- Former CIA chief Gen. Michael Hayden appeared on CBS' Late Show on Tuesday
- Hayden says CIA doesn't eavesdrop on Americans by hacking into TV sets
- WikiLeaks revealed documents showing CIA capabilities of hacking into devices
The former head of the CIA sought to calm anxious Americans who may be worried that the vaunted US spy agency is eavesdropping through their smart television sets.
Gen. Michael Hayden told Stephen Colbert of CBS' Late Show on Tuesday that the CIA does not spy on Americans.
Earlier on Tuesday, WikiLeaks unveiled what it says are official CIA documents showing that the agency has the capability to hack into smartphones and televisions, which it then uses to spy on people.
'I can tell you that these tools would not be used against an American,' Hayden told Colbert.
When Colbert pressed the point as to why the CIA wouldn't use the technology to gather information about Americans, Hayden replied: 'There are some bad people in the world who have Samsung TVs too.'
The former head of the CIA, General Michael Hayden (left), sought to calm anxious Americans who may be worried that the vaunted US spy agency is eavesdropping through their smart television sets. Hayden appeared on CBS' Late Show with Stephen Colbert (right) on Tuesday
'I can tell you that these tools would not be used against an American,' Hayden told Colbert
'There are people out there that you want us to spy on. You want us to have the ability to actually turn on that listening device inside the TV to learn that person's intentions.'
The anti-secrecy organization on Tuesday published what it said were thousands of pages of internal CIA discussions about hacking techniques used over several years, renewing concerns about the security of consumer electronics and embarrassing yet another US intelligence agency.
The discussion transcripts showed that CIA hackers could get into Apple Inc iPhones, Google Inc Android devices and other gadgets in order to capture text and voice messages before they were encrypted with sophisticated software.
Cyber security experts disagreed about the extent of the fallout from the data dump, but said a lot would depend on whether WikiLeaks followed through on a threat to publish the actual hacking tools that could do damage.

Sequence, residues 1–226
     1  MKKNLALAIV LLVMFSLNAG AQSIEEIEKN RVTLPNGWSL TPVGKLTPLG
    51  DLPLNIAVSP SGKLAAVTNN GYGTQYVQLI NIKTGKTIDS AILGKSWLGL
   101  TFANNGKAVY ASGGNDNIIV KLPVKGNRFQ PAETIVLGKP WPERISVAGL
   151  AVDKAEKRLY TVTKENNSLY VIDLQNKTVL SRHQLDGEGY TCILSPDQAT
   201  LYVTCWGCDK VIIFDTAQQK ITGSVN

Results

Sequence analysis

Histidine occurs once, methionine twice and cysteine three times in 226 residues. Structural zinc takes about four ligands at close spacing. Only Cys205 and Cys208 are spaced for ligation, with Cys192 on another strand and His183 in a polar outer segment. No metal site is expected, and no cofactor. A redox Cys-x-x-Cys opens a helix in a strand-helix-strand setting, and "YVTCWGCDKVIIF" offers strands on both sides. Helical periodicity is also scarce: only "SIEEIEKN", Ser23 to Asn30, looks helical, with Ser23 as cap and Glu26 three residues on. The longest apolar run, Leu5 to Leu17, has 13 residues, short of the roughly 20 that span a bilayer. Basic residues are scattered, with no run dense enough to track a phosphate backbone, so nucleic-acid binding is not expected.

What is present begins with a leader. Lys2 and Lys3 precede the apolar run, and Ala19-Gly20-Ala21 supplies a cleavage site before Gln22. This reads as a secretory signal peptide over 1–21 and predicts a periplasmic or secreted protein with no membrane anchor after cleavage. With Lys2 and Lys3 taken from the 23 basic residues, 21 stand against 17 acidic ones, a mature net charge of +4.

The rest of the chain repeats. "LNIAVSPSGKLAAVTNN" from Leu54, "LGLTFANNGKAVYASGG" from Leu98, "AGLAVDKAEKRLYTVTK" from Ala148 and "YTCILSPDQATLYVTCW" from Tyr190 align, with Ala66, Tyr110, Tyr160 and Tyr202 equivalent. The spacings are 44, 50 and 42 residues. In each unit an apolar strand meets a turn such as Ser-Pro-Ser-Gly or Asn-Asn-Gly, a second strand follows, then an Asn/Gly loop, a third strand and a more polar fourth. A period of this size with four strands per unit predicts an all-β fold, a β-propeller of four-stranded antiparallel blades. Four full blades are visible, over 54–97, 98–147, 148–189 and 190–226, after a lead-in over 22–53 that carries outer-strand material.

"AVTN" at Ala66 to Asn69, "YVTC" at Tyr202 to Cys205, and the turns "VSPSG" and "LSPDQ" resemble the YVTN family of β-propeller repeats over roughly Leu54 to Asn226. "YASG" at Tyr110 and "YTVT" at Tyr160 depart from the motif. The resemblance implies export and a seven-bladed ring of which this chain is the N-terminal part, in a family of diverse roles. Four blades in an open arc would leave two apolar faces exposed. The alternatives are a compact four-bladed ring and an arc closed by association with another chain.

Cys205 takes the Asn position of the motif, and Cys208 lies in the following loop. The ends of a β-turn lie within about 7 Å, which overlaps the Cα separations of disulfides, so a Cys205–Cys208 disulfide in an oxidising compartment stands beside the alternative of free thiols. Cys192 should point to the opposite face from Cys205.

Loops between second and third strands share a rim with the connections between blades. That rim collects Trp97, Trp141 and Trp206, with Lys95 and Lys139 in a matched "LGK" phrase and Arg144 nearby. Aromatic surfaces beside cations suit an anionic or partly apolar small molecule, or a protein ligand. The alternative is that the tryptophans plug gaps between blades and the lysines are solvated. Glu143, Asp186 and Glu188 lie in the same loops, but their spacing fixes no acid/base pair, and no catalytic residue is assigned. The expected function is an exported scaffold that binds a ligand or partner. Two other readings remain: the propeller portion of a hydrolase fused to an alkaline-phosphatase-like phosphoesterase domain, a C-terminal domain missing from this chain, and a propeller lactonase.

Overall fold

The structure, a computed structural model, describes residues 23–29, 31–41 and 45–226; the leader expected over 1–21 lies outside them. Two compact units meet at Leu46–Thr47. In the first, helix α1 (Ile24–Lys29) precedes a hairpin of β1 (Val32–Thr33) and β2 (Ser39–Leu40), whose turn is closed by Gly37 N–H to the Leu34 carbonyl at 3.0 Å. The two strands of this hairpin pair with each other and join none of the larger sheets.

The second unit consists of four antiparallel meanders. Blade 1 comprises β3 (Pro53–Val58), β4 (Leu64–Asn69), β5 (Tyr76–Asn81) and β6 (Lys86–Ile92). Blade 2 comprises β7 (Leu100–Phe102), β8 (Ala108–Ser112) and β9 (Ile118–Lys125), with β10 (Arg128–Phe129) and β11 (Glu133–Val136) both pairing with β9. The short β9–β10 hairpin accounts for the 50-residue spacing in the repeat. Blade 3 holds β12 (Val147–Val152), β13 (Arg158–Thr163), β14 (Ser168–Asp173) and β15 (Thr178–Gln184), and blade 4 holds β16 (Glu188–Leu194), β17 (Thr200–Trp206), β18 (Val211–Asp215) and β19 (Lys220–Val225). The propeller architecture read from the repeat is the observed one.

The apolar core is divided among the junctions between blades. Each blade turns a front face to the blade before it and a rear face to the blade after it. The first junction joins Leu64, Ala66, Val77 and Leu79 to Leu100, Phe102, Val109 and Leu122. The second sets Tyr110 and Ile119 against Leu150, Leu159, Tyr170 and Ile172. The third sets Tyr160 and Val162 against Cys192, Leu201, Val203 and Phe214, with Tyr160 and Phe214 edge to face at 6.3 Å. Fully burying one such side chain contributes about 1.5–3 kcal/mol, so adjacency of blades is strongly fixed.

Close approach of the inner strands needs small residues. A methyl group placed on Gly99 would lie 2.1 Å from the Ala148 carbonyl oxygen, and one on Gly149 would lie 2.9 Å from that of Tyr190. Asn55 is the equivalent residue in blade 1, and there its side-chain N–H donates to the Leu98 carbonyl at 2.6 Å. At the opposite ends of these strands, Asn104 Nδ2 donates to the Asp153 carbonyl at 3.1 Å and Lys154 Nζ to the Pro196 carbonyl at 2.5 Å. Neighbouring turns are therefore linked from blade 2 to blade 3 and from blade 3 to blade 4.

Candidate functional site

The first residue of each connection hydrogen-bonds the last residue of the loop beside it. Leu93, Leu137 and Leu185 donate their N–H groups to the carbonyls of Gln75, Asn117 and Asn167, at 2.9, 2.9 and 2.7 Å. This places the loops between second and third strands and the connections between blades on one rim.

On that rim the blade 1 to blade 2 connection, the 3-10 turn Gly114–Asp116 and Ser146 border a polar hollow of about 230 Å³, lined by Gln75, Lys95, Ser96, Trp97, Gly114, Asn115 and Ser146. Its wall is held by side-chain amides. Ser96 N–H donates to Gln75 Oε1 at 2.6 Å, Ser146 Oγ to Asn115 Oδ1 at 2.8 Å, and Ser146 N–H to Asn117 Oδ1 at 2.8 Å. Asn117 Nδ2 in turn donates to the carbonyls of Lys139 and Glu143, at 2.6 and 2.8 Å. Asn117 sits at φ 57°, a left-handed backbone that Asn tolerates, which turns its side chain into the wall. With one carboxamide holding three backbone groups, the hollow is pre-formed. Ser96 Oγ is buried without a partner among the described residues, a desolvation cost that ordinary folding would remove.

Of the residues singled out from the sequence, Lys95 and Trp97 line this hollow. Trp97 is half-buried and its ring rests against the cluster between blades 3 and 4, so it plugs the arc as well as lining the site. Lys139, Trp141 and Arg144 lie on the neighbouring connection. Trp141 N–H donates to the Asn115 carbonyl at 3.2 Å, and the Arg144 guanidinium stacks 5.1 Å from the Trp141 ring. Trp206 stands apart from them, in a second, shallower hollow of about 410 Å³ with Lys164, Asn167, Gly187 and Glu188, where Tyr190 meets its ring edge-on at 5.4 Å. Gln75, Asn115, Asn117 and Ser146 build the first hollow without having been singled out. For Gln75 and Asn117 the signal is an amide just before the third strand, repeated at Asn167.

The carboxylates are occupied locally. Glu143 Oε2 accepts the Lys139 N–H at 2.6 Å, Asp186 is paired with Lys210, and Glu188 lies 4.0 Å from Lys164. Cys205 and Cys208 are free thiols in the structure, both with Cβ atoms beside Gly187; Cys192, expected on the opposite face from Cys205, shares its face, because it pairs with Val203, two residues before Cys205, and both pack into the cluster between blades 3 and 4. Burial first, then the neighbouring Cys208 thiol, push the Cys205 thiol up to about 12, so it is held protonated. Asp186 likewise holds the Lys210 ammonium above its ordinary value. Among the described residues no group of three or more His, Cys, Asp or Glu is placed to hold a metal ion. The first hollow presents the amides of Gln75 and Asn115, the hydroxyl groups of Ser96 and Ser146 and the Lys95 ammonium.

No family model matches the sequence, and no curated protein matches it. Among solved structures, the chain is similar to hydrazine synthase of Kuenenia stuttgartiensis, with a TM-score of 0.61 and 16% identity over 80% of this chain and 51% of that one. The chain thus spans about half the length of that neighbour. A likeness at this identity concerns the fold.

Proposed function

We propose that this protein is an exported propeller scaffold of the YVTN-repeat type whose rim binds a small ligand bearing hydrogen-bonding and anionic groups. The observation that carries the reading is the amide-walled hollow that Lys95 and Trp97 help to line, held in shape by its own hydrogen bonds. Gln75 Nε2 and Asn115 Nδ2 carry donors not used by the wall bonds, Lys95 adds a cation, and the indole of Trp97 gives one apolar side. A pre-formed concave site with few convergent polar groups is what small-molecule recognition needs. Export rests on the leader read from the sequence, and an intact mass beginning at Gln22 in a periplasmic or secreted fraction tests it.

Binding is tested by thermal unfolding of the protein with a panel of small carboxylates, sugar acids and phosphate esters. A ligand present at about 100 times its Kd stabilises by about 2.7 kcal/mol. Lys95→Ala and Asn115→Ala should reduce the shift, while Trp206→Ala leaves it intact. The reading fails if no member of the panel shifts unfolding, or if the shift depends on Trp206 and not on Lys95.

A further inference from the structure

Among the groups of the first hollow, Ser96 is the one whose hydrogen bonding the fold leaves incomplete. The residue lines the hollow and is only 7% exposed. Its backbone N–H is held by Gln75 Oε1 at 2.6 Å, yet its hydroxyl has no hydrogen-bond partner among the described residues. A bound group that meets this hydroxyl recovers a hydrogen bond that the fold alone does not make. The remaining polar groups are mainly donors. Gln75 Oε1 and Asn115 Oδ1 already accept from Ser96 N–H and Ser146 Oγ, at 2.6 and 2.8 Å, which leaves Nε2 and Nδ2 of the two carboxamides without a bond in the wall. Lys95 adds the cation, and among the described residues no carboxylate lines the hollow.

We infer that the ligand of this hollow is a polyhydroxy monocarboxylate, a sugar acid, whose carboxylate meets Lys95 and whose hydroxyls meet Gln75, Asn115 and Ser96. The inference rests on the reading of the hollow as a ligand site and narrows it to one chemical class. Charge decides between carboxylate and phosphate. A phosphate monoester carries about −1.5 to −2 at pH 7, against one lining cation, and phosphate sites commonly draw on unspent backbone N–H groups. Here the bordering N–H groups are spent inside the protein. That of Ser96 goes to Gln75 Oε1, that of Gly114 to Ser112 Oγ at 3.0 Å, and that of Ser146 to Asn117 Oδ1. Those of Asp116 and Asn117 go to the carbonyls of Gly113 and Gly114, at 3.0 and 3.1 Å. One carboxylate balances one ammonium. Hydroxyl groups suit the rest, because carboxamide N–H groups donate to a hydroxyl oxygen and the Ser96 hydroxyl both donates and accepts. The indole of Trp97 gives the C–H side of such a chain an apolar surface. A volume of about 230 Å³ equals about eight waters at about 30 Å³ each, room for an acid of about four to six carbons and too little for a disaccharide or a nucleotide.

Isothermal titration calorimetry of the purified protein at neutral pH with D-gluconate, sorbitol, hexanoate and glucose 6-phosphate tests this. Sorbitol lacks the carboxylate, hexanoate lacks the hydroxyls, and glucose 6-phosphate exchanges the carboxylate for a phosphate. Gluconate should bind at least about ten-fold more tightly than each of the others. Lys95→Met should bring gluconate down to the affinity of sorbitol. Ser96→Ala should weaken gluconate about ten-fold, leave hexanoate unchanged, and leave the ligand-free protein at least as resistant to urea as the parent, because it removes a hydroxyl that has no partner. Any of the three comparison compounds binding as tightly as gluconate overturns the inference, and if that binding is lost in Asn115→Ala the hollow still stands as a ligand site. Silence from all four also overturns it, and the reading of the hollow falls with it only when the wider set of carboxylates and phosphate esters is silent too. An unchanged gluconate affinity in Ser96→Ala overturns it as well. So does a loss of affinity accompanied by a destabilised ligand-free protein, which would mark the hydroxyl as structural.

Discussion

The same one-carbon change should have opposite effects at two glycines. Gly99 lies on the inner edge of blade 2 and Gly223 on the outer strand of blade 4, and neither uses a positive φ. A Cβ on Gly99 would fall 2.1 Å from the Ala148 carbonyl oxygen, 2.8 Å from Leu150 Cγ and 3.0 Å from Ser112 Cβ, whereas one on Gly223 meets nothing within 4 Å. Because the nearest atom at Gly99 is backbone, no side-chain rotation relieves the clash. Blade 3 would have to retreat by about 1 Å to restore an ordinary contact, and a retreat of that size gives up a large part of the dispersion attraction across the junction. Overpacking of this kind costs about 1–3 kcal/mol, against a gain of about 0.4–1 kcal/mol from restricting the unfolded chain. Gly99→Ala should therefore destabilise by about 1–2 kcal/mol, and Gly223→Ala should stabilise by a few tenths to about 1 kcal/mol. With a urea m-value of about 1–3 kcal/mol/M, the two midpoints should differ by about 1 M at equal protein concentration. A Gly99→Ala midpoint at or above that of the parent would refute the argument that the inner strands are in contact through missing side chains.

The anti-secrecy organization WikiLeaks on Tuesday published what it said were thousands of pages of internal CIA discussions about hacking techniques used over several years. The CIA logo is seen at the agency's headquarters in Langley, Virginia, in this 2016 file photo
The discussion transcripts showed that CIA hackers could get into Apple Inc iPhones, Google Inc Android devices and other gadgets in order to capture text and voice messages before they were encrypted with sophisticated software
Reuters could not immediately verify the contents of the published documents, but several contractors and private cyber security experts said the materials, dated between 2013 and 2016, appeared to be legitimate.
A longtime intelligence contractor with expertise in US hacking tools told Reuters the documents included correct 'cover' terms describing active cyber programs.
Among the most noteworthy WikiLeaks claims is that the Central Intelligence Agency, in partnership with other US and foreign agencies, has been able to bypass the encryption on popular messaging apps such as WhatsApp, Telegram and Signal.
The files did not indicate the actual encryption of Signal or other secure messaging apps had been compromised.
Among the most noteworthy WikiLeaks claims is that the Central Intelligence Agency, in partnership with other US and foreign agencies, has been able to bypass the encryption on popular messaging apps such as WhatsApp (seen above), Telegram and Signal
One document claims that US and British personnel use a program known as Weeping Angel, which is capable of taking over a Samsung smart television (above), making it appear it was off when in fact it was recording conversations in the room
The information in what WikiLeaks said were 7,818 web pages with 943 attachments appears to represent the latest breach in recent years of classified material from US intelligence agencies.